Friday, December 14, 2007

Exercise 3: Compulsive "Acting Out" Cycle

The acting out cycle is a framework to explain how people “act out” their compulsive behaviors. The entire treatment is connected to this cycle. The key to changing the cycle is first recognizing the feeling triggers, high risk settings, and thinking,” identifying “active and passive” ways of acting out, and the perceived payoffs. We will review each of these concepts in subsequent exercises. But for now, a brief review is provided to help you develop an initial understanding.

Expanding upon the cycle:


Set ups are often easily recognized. Most people who struggle with sexual compulsivity can identify various feelings before they act out. For the sake of simplicity, I have reduced the types of set-ups to three: Emotional Triggers, Thinking Errors, and High Risk Situations. An example of a feeling trigger can help explain the concept. A person feels depressed, so he or she makes a call to the phone line which leads to a sexual encounter. The feeling identified in this example, depression, precedes the acting out incident. In the same example, a thinking error that might be present includes the thought “I’ll only make a phone call, it isn’t a big deal. I won’t hook-up afterwards.” The high risk situation in the example includes making a call to the phone line. As you move through the treatment process, you will start to identify additional setups that increase the risk for acting out. In the end, you’ll probably be able to identify ten to fifteen setups of each type.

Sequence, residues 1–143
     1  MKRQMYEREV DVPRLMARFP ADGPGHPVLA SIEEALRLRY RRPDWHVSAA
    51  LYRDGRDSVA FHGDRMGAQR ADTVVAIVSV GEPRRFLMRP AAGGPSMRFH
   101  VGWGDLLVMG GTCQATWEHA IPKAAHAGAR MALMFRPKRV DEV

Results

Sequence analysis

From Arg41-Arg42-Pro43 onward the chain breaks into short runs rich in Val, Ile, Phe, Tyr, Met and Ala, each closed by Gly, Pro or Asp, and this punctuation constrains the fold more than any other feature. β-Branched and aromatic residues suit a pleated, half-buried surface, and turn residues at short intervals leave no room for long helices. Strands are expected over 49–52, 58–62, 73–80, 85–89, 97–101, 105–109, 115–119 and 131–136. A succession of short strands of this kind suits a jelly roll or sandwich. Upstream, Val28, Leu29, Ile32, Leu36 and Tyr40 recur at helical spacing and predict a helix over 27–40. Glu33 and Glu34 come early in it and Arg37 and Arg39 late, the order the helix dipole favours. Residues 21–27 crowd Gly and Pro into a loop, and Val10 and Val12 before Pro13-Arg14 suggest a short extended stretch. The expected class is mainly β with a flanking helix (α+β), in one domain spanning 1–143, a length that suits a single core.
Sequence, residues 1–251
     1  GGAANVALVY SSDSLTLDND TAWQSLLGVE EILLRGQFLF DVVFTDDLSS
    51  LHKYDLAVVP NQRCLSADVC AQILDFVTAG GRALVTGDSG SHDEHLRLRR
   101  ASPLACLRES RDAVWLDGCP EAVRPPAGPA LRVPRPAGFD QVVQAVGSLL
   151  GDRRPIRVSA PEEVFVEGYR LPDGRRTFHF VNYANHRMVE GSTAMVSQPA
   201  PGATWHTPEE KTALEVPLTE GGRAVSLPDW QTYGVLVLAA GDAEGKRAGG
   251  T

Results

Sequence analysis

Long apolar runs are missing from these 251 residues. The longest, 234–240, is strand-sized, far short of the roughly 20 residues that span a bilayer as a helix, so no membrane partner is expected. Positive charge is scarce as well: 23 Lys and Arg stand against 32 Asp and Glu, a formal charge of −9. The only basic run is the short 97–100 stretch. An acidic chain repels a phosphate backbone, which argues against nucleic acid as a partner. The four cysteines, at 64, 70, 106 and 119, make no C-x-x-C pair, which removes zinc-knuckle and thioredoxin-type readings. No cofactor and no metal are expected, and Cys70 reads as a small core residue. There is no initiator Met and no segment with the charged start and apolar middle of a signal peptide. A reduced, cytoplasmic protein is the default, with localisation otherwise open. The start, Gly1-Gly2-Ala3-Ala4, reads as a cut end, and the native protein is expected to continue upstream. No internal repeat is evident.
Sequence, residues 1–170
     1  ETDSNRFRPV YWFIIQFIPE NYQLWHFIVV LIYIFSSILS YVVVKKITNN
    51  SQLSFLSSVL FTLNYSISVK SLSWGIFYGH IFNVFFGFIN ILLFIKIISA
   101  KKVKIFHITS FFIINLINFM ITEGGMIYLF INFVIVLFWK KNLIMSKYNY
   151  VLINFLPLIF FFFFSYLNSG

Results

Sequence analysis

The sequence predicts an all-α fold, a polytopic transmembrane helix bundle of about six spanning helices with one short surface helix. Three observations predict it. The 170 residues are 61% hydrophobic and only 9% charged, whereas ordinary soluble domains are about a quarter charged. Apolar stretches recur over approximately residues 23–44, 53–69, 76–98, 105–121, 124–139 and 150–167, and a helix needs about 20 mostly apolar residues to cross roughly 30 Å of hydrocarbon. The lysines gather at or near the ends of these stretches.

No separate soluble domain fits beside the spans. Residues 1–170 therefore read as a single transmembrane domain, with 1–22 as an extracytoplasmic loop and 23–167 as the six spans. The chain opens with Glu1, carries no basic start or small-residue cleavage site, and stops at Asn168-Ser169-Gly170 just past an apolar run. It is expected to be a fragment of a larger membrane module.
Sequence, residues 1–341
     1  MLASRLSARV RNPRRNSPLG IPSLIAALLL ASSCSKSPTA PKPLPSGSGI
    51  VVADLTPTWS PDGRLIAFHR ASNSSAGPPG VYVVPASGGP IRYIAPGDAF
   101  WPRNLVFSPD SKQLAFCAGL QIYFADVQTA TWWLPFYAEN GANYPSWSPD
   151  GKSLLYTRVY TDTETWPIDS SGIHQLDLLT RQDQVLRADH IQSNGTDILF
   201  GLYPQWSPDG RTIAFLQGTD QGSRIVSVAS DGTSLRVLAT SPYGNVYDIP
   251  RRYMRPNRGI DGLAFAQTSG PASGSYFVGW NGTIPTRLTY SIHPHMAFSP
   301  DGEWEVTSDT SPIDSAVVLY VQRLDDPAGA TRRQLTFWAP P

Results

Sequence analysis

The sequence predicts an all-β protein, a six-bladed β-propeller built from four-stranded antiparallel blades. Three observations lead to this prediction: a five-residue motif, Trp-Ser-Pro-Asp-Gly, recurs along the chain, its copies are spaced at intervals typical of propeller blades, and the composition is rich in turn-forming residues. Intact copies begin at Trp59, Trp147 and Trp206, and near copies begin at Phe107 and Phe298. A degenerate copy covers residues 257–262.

Acting Out

The acting out phase of the cycle is often recognized as the sexual behavior (for example, I had sex with this person; I watched some porn). What you will recognize is that the sexual behavior is only one type of acting out. In the field of chemical addition, there is a term used called “cross-addiction.” I have worked with clients who have stopped their chemical use, but then their sexual behavior gets out of control. Once both the sexual behavior and chemical use are under control, it isn’t surprising to see another issue develop such as eating disorders, compulsive spending, and or gambling behaviors. The key to understanding the cycle is that the sexual behavior is only an expression of the cycle; you need to gain a better understanding of all the different ways you may act out. In recognizing the range of behaviors, you can then address the real problem: the cycle and avoid a band-aid approach to sexual health. As we move through the process, you will discover passive ways of acting out are as important as active ways of acting out. For example, I’ve worked with clients who will withdraw from conflict because of fear. This will result in the person feeling resentful which is a set up for explosive anger (another type of acting out).

Pay offs/Costs

Pay offs refer to the perceived outcome of the behavior. In the example above, the perceived pay off was a relief from the depression. As you can probably recognize, the payoff is usually temporary. Sometimes the perceived payoff leads to the cycle starting all over again. It is important to think strategically in this area. You might not always recognize other payoffs. Yes, the sexual behavior might be pleasurable, but another payoff might be avoiding the fear of being hurt in a relationship, so choosing a casual encounter is also “safe.” Costs are more easily recognized. In behavioral terms, we identify these as “consequences, ” examples include my partner is angry about my behavior; I was arrested; I got drunk.

Relationship between the components.

If you examine the arrows in the cycle, you will see that each is double pointed. The cycle is dynamic, meaning it is always shifting, moving and adapting. The cycle provides feedback to the individual, and the individual adapts as necessary to continue the cycle. This relationship will be reviewed throughout the exercises as well. An acting out encounter may have a consequence (cost) that sets the person up to act out again. Treatment involves working through this cycle and addressing all aspects.

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